Dorchester Minerals Offers High Quality Inflation-Protected Income

| About: Dorchester Minerals, (DMLP)

Units of Dorchester Minerals (NASDAQ:DMLP) offer high estimated distribution yield and low McDep Ratio among the 14 oil and gas income stocks in our weekly analysis. When the Henry Hub natural gas price index was $6.87 a million btu in 2007, income distributions were $2.01 a unit. Recent futures prices are $10.23 for the year ended March 31, 2008, up 49%, and our estimate of distributions for the same period is $3.02, up 50%.

Most of our estimated Net Present Value [NPV] of $27 a unit is supported by the relationship of cash flow multiple and reserve life. The difference is more than justified by DMLP’s conservative reporting that excludes commonly reported undeveloped reserves and by the low-cost, preferential status of valuable royalty interests and mineral rights. The partnership has a treasure trove of documents conveying mineral rights that in some cases date from the 19th century. In the hot Fayetteville Shale trend in Arkansas, DMLP’s mineral rights have been turned into royalty interests and working interests that are just beginning to produce.

Hidden Value in Mineral Rights

Mineral owners typically are the original holders of subsurface oil and gas rights that are usually leased by operating companies. DMLP is the successor owner of mineral rights acquired by pioneers of the oil and gas industry throughout major producing areas of the U.S. Most of its more than 300,000 net acres are not now under lease to operating companies, but new technology and higher oil and gas price are sparking interest in a broad range of plays. Some of the acreage may be prospective for natural gas in the Marcellus shale in Appalachia as well as for oil in the Bakken formation in North Dakota, to mention two areas in the news. Two years ago the partnership leased 10,000 acres in the Fayetteville Shale Trend of Arkansas to operating companies who are actively drilling.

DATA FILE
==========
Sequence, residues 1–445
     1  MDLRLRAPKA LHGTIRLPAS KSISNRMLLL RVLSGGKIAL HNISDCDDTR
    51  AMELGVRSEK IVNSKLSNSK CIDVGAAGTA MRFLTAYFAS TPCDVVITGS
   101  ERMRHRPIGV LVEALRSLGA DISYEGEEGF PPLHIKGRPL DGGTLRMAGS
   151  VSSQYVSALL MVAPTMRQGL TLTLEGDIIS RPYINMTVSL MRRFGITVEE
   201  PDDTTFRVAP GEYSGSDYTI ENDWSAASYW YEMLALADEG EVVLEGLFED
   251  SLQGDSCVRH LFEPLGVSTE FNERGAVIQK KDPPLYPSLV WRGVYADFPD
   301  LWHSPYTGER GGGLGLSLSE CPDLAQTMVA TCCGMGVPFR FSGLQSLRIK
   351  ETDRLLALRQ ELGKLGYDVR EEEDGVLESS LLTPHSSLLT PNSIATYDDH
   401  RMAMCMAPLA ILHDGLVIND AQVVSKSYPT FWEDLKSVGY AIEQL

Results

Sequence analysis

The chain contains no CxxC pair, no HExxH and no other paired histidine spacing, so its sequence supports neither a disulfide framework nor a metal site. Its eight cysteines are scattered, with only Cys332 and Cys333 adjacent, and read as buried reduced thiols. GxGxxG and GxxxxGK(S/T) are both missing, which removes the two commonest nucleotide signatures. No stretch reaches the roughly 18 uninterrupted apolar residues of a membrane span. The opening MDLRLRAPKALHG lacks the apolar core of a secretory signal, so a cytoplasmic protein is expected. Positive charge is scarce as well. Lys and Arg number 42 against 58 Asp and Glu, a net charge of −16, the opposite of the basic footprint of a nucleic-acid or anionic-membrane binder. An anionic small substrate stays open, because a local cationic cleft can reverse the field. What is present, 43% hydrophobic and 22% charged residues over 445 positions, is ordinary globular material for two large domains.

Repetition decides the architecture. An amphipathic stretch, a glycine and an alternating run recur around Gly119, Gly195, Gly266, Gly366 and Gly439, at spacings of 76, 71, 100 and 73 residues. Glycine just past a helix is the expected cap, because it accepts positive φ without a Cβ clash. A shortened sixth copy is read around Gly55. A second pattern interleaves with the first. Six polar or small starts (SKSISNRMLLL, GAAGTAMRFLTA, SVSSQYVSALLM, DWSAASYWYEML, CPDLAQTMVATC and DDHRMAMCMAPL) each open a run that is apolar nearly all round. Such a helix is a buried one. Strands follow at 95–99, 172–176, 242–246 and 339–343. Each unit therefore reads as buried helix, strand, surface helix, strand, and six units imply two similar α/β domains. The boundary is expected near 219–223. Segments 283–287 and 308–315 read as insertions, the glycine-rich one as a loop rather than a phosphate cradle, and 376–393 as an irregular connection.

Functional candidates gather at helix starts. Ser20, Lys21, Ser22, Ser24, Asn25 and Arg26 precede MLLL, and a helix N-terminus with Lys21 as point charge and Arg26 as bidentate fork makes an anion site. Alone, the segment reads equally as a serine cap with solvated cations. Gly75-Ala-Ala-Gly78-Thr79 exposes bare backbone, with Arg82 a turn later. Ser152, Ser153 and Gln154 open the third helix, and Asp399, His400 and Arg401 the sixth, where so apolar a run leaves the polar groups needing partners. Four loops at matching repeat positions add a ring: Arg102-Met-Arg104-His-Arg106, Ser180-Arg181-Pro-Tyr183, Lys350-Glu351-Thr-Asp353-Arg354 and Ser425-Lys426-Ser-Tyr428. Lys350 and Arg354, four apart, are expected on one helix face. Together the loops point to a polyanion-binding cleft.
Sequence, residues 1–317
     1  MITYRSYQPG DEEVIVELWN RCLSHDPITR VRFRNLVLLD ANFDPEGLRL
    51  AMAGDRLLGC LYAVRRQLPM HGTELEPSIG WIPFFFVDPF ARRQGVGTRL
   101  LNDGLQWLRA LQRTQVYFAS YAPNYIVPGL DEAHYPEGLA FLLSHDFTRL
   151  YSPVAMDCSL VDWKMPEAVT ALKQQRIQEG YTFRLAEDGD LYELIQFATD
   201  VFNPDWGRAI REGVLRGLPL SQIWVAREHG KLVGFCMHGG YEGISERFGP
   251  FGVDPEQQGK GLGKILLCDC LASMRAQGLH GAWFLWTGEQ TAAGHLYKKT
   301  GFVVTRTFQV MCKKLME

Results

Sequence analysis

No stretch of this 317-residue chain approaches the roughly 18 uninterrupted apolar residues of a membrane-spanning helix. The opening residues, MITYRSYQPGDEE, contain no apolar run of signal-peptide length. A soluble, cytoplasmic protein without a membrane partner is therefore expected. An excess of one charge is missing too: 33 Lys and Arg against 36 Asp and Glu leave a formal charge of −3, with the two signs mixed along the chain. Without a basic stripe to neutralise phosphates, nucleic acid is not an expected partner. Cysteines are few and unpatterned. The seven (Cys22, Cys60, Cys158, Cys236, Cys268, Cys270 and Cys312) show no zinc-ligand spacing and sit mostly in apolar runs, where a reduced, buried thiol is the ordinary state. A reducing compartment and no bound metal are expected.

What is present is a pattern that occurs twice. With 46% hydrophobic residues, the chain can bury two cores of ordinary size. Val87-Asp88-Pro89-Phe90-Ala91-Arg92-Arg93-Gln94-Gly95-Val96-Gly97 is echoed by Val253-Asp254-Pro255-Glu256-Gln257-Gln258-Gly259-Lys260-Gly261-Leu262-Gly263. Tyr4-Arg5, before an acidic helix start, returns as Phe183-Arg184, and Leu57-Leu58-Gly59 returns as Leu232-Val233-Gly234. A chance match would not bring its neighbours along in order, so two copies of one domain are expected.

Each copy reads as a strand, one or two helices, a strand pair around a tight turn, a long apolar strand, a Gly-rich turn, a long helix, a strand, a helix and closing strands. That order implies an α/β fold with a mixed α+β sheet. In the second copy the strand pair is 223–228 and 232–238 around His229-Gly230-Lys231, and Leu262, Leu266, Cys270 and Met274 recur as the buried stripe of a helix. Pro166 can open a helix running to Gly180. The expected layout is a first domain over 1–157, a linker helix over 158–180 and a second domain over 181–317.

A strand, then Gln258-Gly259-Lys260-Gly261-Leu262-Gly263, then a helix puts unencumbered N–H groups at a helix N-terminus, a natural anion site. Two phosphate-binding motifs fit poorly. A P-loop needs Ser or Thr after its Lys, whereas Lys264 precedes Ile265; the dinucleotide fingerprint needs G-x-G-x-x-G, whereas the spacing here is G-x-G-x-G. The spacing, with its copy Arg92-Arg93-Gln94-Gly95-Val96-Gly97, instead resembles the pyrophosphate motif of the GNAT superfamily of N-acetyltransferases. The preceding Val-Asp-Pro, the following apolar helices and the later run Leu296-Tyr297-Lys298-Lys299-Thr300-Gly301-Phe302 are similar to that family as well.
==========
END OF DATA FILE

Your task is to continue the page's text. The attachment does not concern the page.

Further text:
The Fayetteville leases may lead to natural gas reserves of some 120 billion cubic feet (bcf) to be developed over perhaps ten years. DMLP has retained a 25% royalty interest that would give it the revenue from 25% of production without any obligation to pay development or operating costs. Royalty interests have a premium value, say, $2 a thousand cubic feet in this case for purposes of analysis. In that event, the Fayetteville royalty interest may be worth $2 a unit to DMLP.

The remaining 90 bcf in our illustration constitutes the working interest through which the operating company earns its return. On two thirds of its Fayetteville land, DMLP retained the option to participate in the working interest at the rate of about 25%. Thus in our illustration, DMLP might have a 25% working interest in two-thirds of 90 bcf for a net 15 bcf worth perhaps a nominal $0.50 a unit.

When DMLP elects to participate as a working interest owner, the general partner [GP] advances the funds for investment and recoups that investment from production before any cash is distributed to the limited partners. In actual practice, the GP rolls over recoupment into new investment such that there is a rapidly building backlog of production about to generate cash and reserves for limited partners that does not yet show in the financial statements of the partnership. At the end of 2007, the GP made a cumulative investment of $7 million in new wells on the limited partners’ behalf.

Once royalty interests start producing, the cash flow stream can go on indefinitely in the higher quality properties. Royalty interest accounted for 47% of last year’s natural gas production and 95% of oil production. Those properties are analogous to the assets of Sabine Royalty Trust (NYSE:SBR), which are still pumping out record cash flow more than 25 years after SBR was formed.
All royalty cash flow is “free” cash flow after maintenance investment. Similarly, unlevered cash flow multiples (EV/Ebitda) will look high for royalty production because no portion of the cash flow needs to be held back for reinvestment to maintain production. In their own wisdom, income investors may take a simpler approach and reckon that if DMLP is paying 13% and it has sound operations and capable management, it ought to be a decent investment.

Originally published on April 11, 2008.